Today’s Observer includes a piece entitled “Women own up to guilt over eating habits”. It’s an interesting choice of wording – are women “owning up” to the eating itself or is this some kind of meta-guilt relating to their response to food? I wouldn’t be surprised if it’s both. These days, not only is eating too much and being a porker a Bad Thing, but so too is failing to be a Real Woman who celebrates her curves. Hence regardless of whether you’re literally stuffed, metaphorically you are.

According to the piece “millions of British women have eating binges, lie about how much they weigh and have a negative relationship with food”. All pretty remarkable, when you consider that only 2,000 British women were interviewed. It’s amazing what wilful extrapolation can do:

Three-quarters of UK women – 24 million – say they often feel guilty about how much they eat. Women typically think about food 12 times a day and those under 25 have it on their minds twice as much as those over 55, the poll found. Six out of 10 told researchers they had lied about how much food they ate, almost half (43.74%) said they snacked in secret and more than a quarter (27.68%) confessed to binge eating – this rises to more than a third (36.72%) of those under 25.

Whether or not this really does affect 24 million women, it’s sad that anyone has these feelings at all. Eating ought to be a pleasurable and sociable experience. Still, at least the dieting industry is doing its best to raise awareness of all the lives it fucks up, albeit while taking the opportunity to persuade a few more people to fuck up their lives just that little bit more.

See, I’m quite a naïve person. When I saw this Observer headline, I assumed this would be a news report about disordered eating and the work that’s being done to help sufferers. It turns out that the “research” was commissioned by New Atkins Nutritional, who, as you may be aware, are not to be confused with BEAT or anyone else who actually gives a shit about the welfare of ED sufferers and human beings in general. Here is what Linda O’Byrne, chief nutritionist for New Atkins Nutritional, had to say in response to the findings:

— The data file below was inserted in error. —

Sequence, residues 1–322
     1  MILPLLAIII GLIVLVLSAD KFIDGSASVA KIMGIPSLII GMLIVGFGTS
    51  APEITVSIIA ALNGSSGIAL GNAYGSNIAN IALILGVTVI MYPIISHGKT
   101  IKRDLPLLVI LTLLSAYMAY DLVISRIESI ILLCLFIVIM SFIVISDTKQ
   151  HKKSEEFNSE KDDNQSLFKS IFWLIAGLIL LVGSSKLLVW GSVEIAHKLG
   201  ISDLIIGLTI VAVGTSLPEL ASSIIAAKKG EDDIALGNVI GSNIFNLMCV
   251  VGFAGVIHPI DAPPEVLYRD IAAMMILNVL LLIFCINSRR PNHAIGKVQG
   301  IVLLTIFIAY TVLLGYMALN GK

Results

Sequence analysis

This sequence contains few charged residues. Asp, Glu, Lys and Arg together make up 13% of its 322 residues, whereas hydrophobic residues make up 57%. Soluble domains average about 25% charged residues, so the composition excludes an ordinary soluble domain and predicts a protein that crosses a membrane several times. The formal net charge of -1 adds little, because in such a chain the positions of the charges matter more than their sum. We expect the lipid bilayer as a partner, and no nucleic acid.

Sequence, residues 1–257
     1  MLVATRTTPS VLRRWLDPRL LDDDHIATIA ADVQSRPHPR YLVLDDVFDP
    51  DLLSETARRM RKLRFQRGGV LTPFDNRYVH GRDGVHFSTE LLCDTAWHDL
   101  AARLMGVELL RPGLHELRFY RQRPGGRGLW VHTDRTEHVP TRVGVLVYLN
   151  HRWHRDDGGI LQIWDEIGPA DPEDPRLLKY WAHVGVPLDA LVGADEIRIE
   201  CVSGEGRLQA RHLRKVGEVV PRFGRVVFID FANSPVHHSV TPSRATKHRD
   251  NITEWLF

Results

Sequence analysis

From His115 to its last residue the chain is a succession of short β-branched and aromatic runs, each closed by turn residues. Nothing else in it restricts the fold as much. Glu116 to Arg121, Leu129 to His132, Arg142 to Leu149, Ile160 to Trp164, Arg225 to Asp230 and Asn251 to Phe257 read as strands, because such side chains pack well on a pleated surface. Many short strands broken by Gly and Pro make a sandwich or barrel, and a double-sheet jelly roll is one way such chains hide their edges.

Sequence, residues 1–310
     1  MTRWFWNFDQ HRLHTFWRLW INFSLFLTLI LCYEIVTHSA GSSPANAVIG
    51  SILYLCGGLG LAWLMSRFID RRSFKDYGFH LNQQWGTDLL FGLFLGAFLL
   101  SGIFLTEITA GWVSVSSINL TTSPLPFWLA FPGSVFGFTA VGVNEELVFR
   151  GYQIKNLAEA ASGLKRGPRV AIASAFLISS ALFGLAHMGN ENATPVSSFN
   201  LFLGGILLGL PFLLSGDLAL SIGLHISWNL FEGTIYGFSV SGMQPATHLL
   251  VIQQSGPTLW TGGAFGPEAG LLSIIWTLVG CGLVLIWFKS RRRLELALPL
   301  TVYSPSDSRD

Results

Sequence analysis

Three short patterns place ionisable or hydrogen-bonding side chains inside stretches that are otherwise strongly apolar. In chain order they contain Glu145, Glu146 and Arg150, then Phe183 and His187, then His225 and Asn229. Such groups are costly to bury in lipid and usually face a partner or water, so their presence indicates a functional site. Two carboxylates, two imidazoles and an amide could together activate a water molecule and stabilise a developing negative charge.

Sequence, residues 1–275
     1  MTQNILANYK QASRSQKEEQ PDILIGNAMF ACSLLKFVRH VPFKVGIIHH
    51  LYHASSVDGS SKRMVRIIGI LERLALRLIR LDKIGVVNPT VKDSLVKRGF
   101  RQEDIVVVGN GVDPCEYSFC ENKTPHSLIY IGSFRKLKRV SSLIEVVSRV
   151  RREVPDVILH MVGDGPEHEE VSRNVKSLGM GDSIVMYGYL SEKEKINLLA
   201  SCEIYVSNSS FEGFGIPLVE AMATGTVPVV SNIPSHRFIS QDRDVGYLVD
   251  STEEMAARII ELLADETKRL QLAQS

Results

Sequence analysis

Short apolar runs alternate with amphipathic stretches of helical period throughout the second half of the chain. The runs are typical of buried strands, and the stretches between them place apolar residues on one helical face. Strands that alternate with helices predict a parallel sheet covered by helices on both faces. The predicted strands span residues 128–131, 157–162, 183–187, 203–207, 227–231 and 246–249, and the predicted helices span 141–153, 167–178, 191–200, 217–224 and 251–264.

These are very worrying figures that reveal many women are ill at ease with food. Whether it is bingeing, lying about how much you weigh or eating in secret, you must do your best to stamp it out. On a diet or not, food should never be the enemy. It should be a positive and not a negative influence in your life.

Thank you, Linda. Now let us all do our best to “stamp out” all unhealthy thoughts regarding food, unless such thoughts relate to carbs, in which case I presume it’s totally fine to remain “ill at ease”. Oh, and also, since your research finds that “boredom, stress and feeling depressed were the biggest triggers causing women to eat more”, I guess we should all try extra hard not to get stressed and depressed about how fat and ugly we are, or too bored despite the fact that we’re thinking about food all the time because we are really fucking hungry.

Ahem.

Genuine research into eating disorders suggests that bingeing and food obsession tend to be very closely linked to dieting or food restriction. Funny, that. “On a diet or not, food should never be the enemy,” claims O’Byrne. See, it’s the “diet” part of this that’s the problem. Rather than give people the knowledge and tools not to give a shit about these things, what articles such as the one in today’s Observer do is overlay the pressure to be slim with the pressure to have (externally, at least) a “healthy attitude” to eating. No wonder some of us end up bingeing in secret. Maintaining the public façade of a Real Woman healthy attitude to food while simultaneously bowing to social pressure to lose weight is a pretty big ask.

What’s worse, if you have an eating disorder, headlines such as that in today’s Observer will draw you in. You’ll expect to find something that helps, not an Atkins Diet expert telling you to “stamp out” your feelings. Now not only will you feel guilty about eating, and feel guilty about feeling guilty about eating, you’ll also feel guilty about your abject failure to simply snap out of it. Those are three guilt trips you just don’t need.